According to a report from Al-Monitor: “Some of the gunmen…also fired into the air and demanded that the Christians pay the Jizyah – a per capital annual tax – called the dhimmi - levied on non-Muslim subjects living under Islamic rule.”
“Jifna residents made emergency calls to the police, but it would be three hours before anyone would arrive. Part of the delay, it turned out, was because Jifna lies in Area B of the West Bank — administered by the Palestinians but with joint Israeli-Palestinian security control — the police needed approval from Israeli authorities before entering it,” Al Monitor explained.
Commenting on the incident and its impact on local Christians, Wadie Abunassar, the Director at The International Center for Consultations, wrote on Facebook that “the residents of Jifna, most of whom are Christians, have voiced anger and resentment for two main reasons: first, the big attack carried out by some residents of Al-Am’ari refugee camp and, second, the delay in the arrival of the Palestinian security forces.”
“We hope that everyone will learn that Christians are an inalienable part of the Palestinian people, that they should not be vulnerable in any way,” Abunassar said.
At the parish hall in St. Joseph, a local lay Christian explained to the Philos Project group that in the Palestinian territories, “we Christians have a strong sense of nationality and Palestinian identity.”
The political stance of many Christians in the West Bank mirrors those of the Muslim majority. They believe in the “right of return” -to the land currently occupied by Israel- and blame Israel for most, if not all, of their current sufferings.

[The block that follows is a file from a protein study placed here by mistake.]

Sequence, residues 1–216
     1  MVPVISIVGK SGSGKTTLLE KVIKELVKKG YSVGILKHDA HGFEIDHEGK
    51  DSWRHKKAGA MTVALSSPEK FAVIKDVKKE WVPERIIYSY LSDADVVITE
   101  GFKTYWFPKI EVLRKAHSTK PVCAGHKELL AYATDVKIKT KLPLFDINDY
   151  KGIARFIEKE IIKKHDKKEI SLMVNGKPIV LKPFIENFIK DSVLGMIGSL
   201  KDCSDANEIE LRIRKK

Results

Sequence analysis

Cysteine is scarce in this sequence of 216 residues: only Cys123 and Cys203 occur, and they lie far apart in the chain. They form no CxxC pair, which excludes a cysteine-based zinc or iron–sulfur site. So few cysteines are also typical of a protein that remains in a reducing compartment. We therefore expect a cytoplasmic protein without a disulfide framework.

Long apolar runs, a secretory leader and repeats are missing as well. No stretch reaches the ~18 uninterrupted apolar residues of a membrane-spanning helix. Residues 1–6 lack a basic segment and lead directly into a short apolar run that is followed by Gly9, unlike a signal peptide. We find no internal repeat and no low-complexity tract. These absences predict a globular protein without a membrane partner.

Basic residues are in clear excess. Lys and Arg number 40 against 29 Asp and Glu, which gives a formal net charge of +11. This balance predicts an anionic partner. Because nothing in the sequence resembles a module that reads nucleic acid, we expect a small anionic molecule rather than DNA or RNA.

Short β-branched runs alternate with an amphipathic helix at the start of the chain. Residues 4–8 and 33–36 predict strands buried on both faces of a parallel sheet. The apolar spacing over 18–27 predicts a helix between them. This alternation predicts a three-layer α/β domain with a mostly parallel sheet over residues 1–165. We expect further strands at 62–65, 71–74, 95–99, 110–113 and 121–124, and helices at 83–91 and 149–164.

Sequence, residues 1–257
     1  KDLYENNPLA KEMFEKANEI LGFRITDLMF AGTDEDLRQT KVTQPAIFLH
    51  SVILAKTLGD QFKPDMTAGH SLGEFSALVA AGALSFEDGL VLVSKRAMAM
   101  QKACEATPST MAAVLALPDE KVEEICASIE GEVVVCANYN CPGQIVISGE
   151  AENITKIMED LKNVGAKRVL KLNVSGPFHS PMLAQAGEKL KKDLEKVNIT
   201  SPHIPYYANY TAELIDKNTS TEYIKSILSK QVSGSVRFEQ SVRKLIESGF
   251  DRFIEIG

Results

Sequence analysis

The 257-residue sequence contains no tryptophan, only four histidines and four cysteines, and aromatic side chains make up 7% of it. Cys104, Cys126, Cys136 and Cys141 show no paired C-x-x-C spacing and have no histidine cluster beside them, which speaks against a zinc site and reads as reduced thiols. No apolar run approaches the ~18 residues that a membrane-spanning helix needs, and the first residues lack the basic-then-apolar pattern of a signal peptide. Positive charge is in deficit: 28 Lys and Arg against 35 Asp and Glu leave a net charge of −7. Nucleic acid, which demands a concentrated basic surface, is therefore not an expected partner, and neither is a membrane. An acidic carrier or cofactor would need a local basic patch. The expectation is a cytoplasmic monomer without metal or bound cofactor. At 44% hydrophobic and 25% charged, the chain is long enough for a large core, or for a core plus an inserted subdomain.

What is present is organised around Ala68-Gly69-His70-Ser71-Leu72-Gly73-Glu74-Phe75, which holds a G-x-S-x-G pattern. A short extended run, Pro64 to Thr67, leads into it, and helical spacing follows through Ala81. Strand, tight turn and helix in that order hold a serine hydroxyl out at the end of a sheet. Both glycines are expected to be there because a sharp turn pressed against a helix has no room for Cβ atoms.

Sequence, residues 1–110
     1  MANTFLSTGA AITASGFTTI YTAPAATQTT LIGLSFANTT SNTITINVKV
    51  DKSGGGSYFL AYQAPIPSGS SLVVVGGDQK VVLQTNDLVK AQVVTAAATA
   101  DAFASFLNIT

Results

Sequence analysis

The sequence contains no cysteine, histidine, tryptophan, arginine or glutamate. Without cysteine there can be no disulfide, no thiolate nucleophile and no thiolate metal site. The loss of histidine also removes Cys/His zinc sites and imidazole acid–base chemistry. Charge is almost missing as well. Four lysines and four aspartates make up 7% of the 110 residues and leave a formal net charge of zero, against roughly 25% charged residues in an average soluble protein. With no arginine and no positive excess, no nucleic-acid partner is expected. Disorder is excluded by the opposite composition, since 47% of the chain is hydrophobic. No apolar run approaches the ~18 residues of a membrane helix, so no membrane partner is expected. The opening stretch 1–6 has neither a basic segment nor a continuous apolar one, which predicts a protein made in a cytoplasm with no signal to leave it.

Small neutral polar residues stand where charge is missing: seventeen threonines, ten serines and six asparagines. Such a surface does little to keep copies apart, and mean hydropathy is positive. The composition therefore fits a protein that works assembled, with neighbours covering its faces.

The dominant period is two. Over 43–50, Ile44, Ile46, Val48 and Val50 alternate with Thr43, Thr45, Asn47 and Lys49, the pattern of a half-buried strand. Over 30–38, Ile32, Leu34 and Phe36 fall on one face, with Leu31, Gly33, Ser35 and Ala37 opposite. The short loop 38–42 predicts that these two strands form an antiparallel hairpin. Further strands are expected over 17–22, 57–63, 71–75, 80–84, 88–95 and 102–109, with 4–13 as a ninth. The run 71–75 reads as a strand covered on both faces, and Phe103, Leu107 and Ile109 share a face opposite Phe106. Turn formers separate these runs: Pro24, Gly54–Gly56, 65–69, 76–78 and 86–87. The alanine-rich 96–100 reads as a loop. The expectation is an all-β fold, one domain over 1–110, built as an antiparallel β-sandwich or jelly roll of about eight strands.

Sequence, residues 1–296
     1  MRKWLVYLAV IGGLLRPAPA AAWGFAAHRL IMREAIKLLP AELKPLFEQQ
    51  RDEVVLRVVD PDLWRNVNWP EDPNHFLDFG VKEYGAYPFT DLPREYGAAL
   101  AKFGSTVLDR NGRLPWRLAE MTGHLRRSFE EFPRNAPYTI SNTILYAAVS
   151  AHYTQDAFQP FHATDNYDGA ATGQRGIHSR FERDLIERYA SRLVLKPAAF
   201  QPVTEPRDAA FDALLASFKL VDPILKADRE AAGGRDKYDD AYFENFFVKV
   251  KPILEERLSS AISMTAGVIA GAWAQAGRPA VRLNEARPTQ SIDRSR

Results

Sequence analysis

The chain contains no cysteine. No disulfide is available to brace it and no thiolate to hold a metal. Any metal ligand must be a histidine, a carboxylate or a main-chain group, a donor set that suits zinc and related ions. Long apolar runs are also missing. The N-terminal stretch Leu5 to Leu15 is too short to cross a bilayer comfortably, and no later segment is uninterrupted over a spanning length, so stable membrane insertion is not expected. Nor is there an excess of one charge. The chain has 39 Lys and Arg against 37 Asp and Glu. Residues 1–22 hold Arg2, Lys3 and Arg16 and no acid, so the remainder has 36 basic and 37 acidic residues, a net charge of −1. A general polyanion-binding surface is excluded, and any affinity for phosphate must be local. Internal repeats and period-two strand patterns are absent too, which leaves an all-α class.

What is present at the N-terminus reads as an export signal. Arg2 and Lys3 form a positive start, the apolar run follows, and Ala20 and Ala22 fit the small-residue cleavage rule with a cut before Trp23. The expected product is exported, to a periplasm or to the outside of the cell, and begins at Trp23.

But the lay Christian speaking to the group, who himself spent time in an Israeli prison for joining the Second Intifada, wondered “if the end of the occupation (from Israel) would bring to power a radicalized version of Islam that would totally decimate us.”
According to Nicholson, “Palestinian society cannot survive without Christians. Although they only make up about 1% of the population, Palestinian Christians provide about 50% of the health services and 70% of the educational programs in the West Bank and Gaza. There will be no flourishing State of Palestine without a strong local church. The Palestinian Authority should do a lot more to empower and protect Christians living under its rule.”
When trying to explain other causes of the shrinking population of Christians in the Holy Land, Fr. Bahbah acknowledged the lack of opportunities in the region. He also took a swipe at the allure of western secularization.
“Today’s young (Palestinians) want to have fun, to dance, to travel... They don't like Jesus,” he said.
The economic reasons for Christians to emigrate have to do with the state of near collapse of the Palestinian economy, in part because of the crippling regulations imposed by Israel.
But Nicholson believes that the survival of Christian communities in the Holy Land requires a significant engagement with Israel.
“Israel offers a unique, if unusual, opportunity for Christian renaissance in the Middle East: unique because Israel is one of the few countries in the region that is stable and free, and unusual because Israel identifies as a Jewish state. Anyone who cares about Middle Eastern Christians should seize on this opportunity, finding ways to work with Israel and strengthen the local church. This will help Christians in Israel, but it will also send a much-needed message of hope to those living in other parts of the region,” he told CNA.
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Meanwhile in Jifna, the Christian village surrounded by olive groves, apricot trees and grapevines, Fr. Bahbah says that he keeps on with his daily tasks as a pastor with a sense of hope.
“We believe that peace will come, because Jesus lived here and he loves this land.”